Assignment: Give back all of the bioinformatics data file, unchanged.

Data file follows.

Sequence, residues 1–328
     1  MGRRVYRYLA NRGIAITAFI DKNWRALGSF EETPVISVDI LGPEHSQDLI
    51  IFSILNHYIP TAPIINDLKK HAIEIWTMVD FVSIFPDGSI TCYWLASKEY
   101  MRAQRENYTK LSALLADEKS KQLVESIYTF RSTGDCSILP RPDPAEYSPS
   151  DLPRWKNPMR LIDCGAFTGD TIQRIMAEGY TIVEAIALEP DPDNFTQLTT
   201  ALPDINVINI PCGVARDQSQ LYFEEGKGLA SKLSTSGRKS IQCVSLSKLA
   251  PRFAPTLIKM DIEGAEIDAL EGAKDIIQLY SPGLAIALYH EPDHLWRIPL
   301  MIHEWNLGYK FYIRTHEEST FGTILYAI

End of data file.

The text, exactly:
Sequence, residues 1–328
     1  MGRRVYRYLA NRGIAITAFI DKNWRALGSF EETPVISVDI LGPEHSQDLI
    51  IFSILNHYIP TAPIINDLKK HAIEIWTMVD FVSIFPDGSI TCYWLASKEY
   101  MRAQRENYTK LSALLADEKS KQLVESIYTF RSTGDCSILP RPDPAEYSPS
   151  DLPRWKNPMR LIDCGAFTGD TIQRIMAEGY TIVEAIALEP DPDNFTQLTT
   201  ALPDINVINI PCGVARDQSQ LYFEEGKGLA SKLSTSGRKS IQCVSLSKLA
   251  PRFAPTLIKM DIEGAEIDAL EGAKDIIQLY SPGLAIALYH EPDHLWRIPL
   301  MIHEWNLGYK FYIRTHEEST FGTILYAI